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Making social connections and having fun can help seniors stay sharp

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Photo provided by Agrace HospiceCare

About one in every four Americans aged 65 and older is socially isolated, and a significant number of older adults report feeling lonely, according to a 2020 Consensus Study Report by the National Academies of Sciences, Engineering and Medicine. The same report notes that social isolation is associated with about a 50% increased risk of dementia.

A phone call or a video chat isn’t always enough. People need to be around other people to have their social needs met. A conversation might jog a happy memory for someone whose memory is slipping. That’s why families look for ways to restore the connections, happiness and health their senior loved ones have lost — hoping to slow down cognitive decline.

There are mental health benefits for your senior loved ones when they are able to be active, interact with others and do interesting, challenging things. A 2012 scientific literature review by the Journal of Aging Research found that “physical activity, intellectual stimulation and socialization all provide benefits to cognition and overall well-being in patients with age-related cognitive impairments.”

Photo provided by Agrace HospiceCare 2

Here are some suggestions to consider if you have an older adult in your life.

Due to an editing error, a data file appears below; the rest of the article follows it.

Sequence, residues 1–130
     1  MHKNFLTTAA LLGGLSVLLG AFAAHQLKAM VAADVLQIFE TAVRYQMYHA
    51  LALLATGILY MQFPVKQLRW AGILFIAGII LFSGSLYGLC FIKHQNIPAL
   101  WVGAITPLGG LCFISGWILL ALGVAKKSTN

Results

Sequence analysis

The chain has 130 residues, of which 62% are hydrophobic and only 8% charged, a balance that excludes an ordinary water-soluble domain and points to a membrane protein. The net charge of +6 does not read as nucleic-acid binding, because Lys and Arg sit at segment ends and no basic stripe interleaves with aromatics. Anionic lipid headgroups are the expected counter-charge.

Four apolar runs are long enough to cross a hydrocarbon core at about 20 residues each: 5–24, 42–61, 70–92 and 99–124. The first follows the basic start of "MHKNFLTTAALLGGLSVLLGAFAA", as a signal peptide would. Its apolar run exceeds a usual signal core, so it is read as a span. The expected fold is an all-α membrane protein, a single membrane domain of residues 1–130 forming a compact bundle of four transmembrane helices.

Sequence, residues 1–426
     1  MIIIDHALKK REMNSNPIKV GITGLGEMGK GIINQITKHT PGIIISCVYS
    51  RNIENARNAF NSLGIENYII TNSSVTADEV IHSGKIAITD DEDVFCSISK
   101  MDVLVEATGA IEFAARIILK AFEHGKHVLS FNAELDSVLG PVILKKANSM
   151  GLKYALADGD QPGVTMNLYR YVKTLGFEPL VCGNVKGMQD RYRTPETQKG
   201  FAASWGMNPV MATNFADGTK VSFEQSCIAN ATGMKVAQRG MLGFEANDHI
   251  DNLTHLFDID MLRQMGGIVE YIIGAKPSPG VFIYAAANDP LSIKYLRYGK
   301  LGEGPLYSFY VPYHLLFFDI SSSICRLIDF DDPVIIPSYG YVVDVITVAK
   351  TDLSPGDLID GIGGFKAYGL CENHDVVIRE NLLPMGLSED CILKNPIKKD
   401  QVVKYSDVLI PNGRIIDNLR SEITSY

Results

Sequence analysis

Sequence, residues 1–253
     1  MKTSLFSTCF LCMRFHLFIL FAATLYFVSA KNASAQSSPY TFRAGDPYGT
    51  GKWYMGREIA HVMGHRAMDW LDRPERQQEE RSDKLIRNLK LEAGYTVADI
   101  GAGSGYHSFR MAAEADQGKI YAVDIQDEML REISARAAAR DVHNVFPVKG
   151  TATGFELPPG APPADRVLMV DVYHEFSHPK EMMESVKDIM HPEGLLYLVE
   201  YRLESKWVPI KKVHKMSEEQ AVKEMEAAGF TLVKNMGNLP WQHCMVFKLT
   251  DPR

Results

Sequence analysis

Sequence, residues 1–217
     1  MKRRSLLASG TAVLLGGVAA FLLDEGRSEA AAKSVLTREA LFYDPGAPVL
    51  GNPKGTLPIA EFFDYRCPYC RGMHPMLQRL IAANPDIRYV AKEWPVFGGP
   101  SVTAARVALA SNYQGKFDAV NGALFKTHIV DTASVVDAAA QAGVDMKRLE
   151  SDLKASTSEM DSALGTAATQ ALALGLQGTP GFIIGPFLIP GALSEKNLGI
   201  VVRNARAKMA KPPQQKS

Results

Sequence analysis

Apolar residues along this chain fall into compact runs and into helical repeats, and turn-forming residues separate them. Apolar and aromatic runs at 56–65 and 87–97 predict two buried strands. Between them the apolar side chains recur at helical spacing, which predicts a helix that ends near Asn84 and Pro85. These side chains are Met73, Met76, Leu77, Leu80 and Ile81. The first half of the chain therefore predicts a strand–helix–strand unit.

1. Arrange for friends and family to visit regularly. Make sure your loved one has their hearing aids and glasses handy, so they can see, hear and answer the door for guests. If possible, move visits outdoors to enjoy the mood-enhancing sunshine and sounds of nature.

2. If you’re visiting with a senior, plan enough time and talk where distractions are limited. As suggested by Dementia Care Central, a website of the National Institutes on Aging, ask about their family, siblings and where they grew up. People love talking about their lives. Really listen to them and acknowledge what they’re saying.

If you don’t know what to talk about with a person who has dementia, talk about their environment. The Alzheimer’s Society recommends, “Anything that they can see, hear or touch might be of interest.” Use simple sentences. Don’t correct or argue if they are mistaken about details. Help them keep their dignity by going with the flow.

3. Use an adult day care center. Although scarce, these are safe places for your senior loved one to spend time with other people, make friends and try different physically and mentally stimulating activities like yard games or chair yoga. Importantly, you will have an opportunity to take a break and rest, shop or go to your own medical appointments.

4. At home, let your senior help you. People love to do what they’re used to. They want to feel involved, wanted and needed. If they are able, have them clear the table, bake, fold clothes or help with gardening. Moving around also promotes blood flow and prevents skin breakdown. Staying stationary too long, day after day, can lead to blood clots, pressure sores, constipation and even pneumonia.

Photo provided by Agrace HospiceCare 3

There is a lot you can do to promote positive well-being for your older loved ones and help them stay sharp. Give these ideas a try.

If you are in the Madison area, the Agrace Adult Day Center is a clean, safe and fun option. Learn more by visiting agrace.org/find-care/adult-day-center


This content was produced by Brand Ave. Studios. The news and editorial departments had no role in its creation or display. Brand Ave. Studios connects advertisers with a targeted audience through compelling content programs, from concept to production and distribution. For more information contact sales@brandavestudios.com.
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